What about Benelux, the latest region you have set your sights on, what makes it appealing and what factors do you normally take into account when expanding into a new market?

We are constantly analyzing opportunities across Europe. Before talking about Benelux, let me tell you about why Romania. In CEE the Czech Republic is a small and relatively saturated market, like many around it, and Bulgaria struggles with corruption. By comparison, Romania with its 22 million inhabitants readily seemed appealing. In addition, many of our tenants were asking us if we have facilities in Romania, and after a successful experience with MLP Bucharest West we are planning on buying another plot and extending our footprint around Bucharest. We believe in investing across core cities only. 


Germany stands out as the biggest logistics market in Europe, and despite its maturity we knew we could compete there, in fact counter-intuitively it is less competitive than Romania or Poland. The market is extremely defragmented, and with space for those who know how to play their cards.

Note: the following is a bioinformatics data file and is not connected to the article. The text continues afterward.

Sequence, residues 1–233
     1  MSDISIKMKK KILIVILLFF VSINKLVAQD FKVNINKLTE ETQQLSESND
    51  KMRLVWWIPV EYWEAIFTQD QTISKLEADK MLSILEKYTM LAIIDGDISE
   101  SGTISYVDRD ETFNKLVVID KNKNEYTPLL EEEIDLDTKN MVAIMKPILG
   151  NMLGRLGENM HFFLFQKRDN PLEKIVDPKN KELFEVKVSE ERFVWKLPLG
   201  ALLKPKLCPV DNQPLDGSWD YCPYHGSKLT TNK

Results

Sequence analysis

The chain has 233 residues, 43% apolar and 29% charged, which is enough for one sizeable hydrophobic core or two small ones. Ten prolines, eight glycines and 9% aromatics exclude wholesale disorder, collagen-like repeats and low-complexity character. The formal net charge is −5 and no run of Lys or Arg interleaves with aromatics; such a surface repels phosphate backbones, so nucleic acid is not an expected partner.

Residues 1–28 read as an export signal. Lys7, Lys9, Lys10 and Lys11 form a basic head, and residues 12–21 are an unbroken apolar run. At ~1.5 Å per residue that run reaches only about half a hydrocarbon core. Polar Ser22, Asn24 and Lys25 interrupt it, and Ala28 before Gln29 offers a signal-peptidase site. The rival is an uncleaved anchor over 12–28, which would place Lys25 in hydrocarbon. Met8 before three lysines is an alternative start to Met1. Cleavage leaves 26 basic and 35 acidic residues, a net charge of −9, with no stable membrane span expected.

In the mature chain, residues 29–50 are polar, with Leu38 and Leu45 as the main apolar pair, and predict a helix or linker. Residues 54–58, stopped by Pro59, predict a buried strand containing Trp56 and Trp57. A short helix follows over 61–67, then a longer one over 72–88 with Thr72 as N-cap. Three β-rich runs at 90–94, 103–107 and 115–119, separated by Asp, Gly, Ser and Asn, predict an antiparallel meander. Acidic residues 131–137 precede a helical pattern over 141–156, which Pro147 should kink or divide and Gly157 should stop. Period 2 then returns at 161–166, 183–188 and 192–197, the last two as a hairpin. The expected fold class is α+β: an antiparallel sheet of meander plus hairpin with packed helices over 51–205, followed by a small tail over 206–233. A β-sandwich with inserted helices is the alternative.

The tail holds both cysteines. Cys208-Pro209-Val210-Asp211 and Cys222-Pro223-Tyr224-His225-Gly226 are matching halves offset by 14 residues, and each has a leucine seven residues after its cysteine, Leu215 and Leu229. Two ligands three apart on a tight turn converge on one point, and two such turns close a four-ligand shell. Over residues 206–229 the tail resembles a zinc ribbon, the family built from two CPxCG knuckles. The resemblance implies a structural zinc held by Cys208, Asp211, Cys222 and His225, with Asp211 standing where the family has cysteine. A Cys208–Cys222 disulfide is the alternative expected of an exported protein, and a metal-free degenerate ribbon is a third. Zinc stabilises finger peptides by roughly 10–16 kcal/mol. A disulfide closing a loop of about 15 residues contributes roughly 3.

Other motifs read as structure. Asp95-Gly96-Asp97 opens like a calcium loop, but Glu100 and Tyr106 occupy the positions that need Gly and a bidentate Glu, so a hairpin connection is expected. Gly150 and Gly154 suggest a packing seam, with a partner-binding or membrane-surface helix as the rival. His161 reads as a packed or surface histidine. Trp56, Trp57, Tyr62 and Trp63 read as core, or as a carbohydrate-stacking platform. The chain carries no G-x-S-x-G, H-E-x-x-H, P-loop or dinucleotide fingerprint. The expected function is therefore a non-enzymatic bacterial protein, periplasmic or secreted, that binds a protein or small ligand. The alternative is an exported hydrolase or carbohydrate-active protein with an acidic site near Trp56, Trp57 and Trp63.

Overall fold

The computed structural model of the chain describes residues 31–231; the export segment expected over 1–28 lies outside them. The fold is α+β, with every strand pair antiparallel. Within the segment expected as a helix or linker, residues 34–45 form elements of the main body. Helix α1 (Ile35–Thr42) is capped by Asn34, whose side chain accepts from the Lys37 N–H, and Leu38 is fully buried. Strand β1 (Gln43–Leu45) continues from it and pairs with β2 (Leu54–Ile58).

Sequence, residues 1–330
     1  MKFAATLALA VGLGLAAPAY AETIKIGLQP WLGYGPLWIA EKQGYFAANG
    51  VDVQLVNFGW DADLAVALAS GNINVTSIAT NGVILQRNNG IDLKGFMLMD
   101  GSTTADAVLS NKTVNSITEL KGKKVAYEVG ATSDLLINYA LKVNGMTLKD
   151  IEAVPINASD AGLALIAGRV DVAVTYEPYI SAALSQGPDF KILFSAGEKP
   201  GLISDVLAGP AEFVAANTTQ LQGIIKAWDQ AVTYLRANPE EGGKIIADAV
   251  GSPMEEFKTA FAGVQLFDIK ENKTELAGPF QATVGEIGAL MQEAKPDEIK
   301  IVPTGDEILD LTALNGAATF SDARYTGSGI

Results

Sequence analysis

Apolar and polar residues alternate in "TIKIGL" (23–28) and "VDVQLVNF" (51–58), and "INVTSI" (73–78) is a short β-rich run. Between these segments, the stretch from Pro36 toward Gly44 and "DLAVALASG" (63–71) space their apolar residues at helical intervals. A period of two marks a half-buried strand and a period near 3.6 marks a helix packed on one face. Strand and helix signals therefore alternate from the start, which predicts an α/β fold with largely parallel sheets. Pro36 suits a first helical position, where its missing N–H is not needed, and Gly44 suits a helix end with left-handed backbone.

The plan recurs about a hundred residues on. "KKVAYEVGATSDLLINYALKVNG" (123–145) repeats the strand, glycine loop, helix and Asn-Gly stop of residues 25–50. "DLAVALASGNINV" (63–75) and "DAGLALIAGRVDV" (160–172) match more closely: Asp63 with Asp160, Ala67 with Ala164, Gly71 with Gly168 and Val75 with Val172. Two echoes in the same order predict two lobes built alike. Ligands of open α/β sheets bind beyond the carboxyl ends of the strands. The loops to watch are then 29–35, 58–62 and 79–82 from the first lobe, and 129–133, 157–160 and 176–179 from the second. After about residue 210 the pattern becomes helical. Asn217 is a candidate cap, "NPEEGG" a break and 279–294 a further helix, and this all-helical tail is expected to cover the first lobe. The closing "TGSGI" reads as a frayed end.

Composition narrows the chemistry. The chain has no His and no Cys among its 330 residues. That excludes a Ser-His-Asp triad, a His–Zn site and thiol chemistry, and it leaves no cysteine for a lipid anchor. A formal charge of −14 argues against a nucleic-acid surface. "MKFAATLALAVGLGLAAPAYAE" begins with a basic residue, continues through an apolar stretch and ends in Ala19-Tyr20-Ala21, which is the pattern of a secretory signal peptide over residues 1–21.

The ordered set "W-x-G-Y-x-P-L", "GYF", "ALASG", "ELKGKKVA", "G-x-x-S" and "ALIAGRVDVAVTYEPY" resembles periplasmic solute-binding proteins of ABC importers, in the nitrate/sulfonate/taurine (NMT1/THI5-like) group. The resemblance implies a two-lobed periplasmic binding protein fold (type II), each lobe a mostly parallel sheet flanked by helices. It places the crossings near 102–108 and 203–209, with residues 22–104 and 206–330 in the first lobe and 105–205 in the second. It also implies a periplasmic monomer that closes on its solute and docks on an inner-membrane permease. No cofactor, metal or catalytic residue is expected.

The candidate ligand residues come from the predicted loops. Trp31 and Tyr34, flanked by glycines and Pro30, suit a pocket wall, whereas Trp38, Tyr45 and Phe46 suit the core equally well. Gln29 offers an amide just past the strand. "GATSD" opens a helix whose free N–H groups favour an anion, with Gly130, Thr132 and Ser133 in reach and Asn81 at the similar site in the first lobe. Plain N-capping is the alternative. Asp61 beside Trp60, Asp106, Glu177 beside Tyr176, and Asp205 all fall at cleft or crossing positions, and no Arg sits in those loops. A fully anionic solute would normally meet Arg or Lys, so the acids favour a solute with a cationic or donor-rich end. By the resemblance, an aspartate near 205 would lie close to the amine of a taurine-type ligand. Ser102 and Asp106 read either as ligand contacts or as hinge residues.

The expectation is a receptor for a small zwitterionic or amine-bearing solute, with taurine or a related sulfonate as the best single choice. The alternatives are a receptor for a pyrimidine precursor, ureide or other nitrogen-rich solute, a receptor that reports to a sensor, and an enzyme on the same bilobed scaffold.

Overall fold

I like to compare the industrial real estate market with the beer market in Poland. We have three breweries that control ~90% of the market, and five industrial developers that control the RE market in Germany. I once spoke to the biggest developer in Cologne who runs around 200,000 sqm, and he said they would stay put, stick to known territory. So we saw that there were no nationwide developers and seized the chance for ourselves, buying projects step by steps across different cities. We then got into Austria last year with the purchase of a property in Vienna in-city, great location for e-commerce. With our eyes open and ear peeled Benelux seems like the next right market to enter. 

How have you seen the profile of your tenants evolve in recent times, and are you considering shifting at all from your long-term investment strategy?